Speculative and real science in fiction: teleportation and the cloaking device.

In my last post I mentioned some of the “science” in Star Trek, and focused on the warp drive. One of the more interesting things about science fiction is if your story involves moving between stars, either you use faster than light travel, or you use very near light speed. Most authors use the first, but that seems to be more for convenience than anything else; they also want to communicate with “home” frequently, as they did in Star Trek from time to time. In some ways, the alternative makes for a better story. In the third of my Gaius Claudius Scaevola trilogy, four Romans wake up on an alien space vessel after abduction, and one of the women, Claudia Lucilla, wants to see her husband, but he had been put off at a different star system. How does an alien explain that if they did go back, the husband would have been dead for at least six hundred years? What is required is a basic explanation of relativity to someone who has no knowledge of simple physics. That was difficult to write. I have the alien try three different explanations, and I would be interested to hear from any reader whether they are any good.

Einstein’s relativity is unquestionably real, but is generally ignored is Scifi. On the other hand, teleportation is tolerably popular, but as presented I believe it is impossible, and to see why, we have to consider what a teleport does. It scans what is here, and reproduces a copy there. Strictly speaking, a fax machine could be considered as one. However, what a fax machine does is to accept the information and assemble the copy from material it has. Transmitting information is not a problem, but matter is different, as it would require the matter to be converted to energy, be transmitted, then be reassembled. None of those are easy. Converting a human to energy would produce energy that would make the biggest hydrogen bomb seem trivial and hence would destroy the ship using it; transmitting it without dissipating it would be a nightmare, but reassembling it and reconverting it to matter in a place without equipment to guide it verges on the impossible. So, I decided it was impossible, or at least impractical. Is there any way out? Not with our current knowledge, although something like “folding space” might do it. Is that possible? Not with our current knowledge, but if space were something that could be folded, perhaps. On the other hand, transmitting information opens up possibilities, but then again, having introduced the possibility I then found it would wreck the story.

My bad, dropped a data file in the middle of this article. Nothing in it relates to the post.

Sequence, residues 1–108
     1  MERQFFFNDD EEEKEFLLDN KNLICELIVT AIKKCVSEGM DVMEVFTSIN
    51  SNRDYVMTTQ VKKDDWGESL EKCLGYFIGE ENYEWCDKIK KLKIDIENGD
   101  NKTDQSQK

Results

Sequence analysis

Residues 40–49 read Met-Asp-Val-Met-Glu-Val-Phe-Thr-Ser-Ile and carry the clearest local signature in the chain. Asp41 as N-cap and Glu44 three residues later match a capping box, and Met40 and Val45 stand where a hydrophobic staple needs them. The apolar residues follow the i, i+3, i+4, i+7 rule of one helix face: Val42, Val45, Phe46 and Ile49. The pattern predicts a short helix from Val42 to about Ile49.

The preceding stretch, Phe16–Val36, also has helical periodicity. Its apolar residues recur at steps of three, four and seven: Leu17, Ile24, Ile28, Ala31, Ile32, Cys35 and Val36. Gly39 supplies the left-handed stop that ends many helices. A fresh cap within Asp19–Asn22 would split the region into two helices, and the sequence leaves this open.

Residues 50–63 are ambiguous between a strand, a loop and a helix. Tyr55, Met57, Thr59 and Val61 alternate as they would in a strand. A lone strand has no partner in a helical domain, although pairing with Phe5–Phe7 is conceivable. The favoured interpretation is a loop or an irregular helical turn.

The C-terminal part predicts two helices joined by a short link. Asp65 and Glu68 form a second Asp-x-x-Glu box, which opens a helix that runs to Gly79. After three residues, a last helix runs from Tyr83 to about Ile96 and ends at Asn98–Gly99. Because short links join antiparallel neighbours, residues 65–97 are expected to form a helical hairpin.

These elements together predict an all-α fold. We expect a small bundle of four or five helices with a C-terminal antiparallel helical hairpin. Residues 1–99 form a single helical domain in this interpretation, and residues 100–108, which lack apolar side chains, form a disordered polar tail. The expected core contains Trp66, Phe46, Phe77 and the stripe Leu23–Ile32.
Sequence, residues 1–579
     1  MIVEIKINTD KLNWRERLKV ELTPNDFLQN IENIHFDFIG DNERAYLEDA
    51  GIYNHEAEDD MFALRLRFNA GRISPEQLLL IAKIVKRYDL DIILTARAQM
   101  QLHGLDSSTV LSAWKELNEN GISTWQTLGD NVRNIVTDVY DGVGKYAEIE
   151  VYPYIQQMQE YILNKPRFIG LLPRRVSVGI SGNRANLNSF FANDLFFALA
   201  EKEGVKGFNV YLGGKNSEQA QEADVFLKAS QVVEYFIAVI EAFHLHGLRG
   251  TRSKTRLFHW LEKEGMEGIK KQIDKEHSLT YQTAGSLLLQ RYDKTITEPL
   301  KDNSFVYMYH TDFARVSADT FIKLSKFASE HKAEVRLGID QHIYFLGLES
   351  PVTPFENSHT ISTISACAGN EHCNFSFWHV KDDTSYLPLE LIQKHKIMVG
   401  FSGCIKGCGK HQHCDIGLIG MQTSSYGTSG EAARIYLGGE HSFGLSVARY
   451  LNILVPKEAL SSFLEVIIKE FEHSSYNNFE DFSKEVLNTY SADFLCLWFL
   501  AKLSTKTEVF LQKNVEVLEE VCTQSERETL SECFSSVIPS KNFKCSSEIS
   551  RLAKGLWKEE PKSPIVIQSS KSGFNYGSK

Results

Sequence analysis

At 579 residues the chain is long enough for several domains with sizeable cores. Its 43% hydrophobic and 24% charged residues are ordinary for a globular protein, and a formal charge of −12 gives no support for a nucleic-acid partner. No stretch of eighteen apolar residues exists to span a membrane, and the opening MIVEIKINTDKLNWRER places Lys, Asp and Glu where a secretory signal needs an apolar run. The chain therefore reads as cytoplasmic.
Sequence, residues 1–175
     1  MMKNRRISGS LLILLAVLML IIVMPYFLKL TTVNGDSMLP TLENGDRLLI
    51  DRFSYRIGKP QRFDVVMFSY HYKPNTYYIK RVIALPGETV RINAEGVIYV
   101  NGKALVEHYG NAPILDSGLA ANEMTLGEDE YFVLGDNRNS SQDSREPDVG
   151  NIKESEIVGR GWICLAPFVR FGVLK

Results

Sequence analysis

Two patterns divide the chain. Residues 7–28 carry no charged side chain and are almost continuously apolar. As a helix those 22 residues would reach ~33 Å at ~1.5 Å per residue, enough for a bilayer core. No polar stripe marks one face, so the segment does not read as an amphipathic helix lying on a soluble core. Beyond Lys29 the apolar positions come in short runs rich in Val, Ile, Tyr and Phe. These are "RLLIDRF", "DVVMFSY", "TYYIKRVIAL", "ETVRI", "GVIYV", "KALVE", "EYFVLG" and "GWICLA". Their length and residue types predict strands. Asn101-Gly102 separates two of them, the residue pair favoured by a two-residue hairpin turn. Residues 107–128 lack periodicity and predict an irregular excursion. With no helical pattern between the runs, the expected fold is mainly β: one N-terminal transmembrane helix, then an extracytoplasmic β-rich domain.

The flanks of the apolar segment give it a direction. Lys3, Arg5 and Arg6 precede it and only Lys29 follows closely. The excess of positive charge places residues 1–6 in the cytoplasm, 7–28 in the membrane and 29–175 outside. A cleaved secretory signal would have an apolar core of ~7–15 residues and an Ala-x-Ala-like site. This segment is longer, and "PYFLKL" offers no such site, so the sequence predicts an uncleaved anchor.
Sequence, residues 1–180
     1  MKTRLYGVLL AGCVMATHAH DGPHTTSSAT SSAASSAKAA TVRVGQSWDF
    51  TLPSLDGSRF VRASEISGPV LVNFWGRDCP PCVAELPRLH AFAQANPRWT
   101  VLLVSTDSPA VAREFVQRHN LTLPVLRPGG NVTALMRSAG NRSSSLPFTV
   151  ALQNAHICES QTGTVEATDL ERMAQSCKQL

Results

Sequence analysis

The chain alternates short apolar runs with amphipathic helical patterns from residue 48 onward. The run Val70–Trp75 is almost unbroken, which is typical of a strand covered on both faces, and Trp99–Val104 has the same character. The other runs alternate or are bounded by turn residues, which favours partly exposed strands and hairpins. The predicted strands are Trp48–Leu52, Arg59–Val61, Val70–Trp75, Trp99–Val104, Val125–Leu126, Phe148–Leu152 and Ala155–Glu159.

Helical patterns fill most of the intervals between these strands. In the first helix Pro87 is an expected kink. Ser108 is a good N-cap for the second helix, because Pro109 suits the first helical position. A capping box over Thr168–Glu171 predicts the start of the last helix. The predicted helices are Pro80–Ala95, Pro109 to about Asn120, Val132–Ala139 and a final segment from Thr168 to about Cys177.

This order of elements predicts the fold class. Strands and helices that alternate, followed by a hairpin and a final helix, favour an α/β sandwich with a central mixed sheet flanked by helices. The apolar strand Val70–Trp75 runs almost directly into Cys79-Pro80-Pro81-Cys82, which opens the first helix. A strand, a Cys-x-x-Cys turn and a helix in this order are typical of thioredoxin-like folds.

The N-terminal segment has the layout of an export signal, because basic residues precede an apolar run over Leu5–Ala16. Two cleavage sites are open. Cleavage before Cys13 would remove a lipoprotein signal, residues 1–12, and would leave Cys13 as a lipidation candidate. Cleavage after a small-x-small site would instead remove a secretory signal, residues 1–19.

In Star Trek the Klingons had a cloaking device. Is that possible? There are at least two possible ways that I could see it working. To see how, we have to define what we mean by being cloaked, or being invisible. The concept is, if we look at the object, we see the electromagnetic radiation from the background as if the object were not there. One way to achieve this is to have the light bent around the ship and continue onwards as if the ship were not there; the other is to have it absorbed on one side and an exact copy be transmitted from the other side. The latter is quite feasible, at least in theory, and I incorporated that in my book, BUT I also gave the enemy the technology. Now the question is, how do you locate a number of cloaked ships? In my third book in this trilogy, Scaevola’s Triumph, my Roman protagonist has to work out how to do this. Assume you are being attacked by aliens intent on wiping out your civilization, you have powerful beam weapons and your defences should hold out provided you can locate the aliens, because only concentrated bursts will destroy them. So, a puzzle. How can you locate a fleet of invisible ships? The answer requires you to use real science, and assume the cloaking device works on one of the two principles outlined above, preferably the second. The method of detection has to be practical, thus one way I mention in the book is to use gravitational effects, but these are rejected because they are too weak. My answers will be found in Scaevola’s Triumph, which will be published as an ebook at Amazon at about September 30. The first two ebooks in the trilogy (Athene’s Prophecy and Legatus Legionis) will be at reduced prices from October 3 to October 6.

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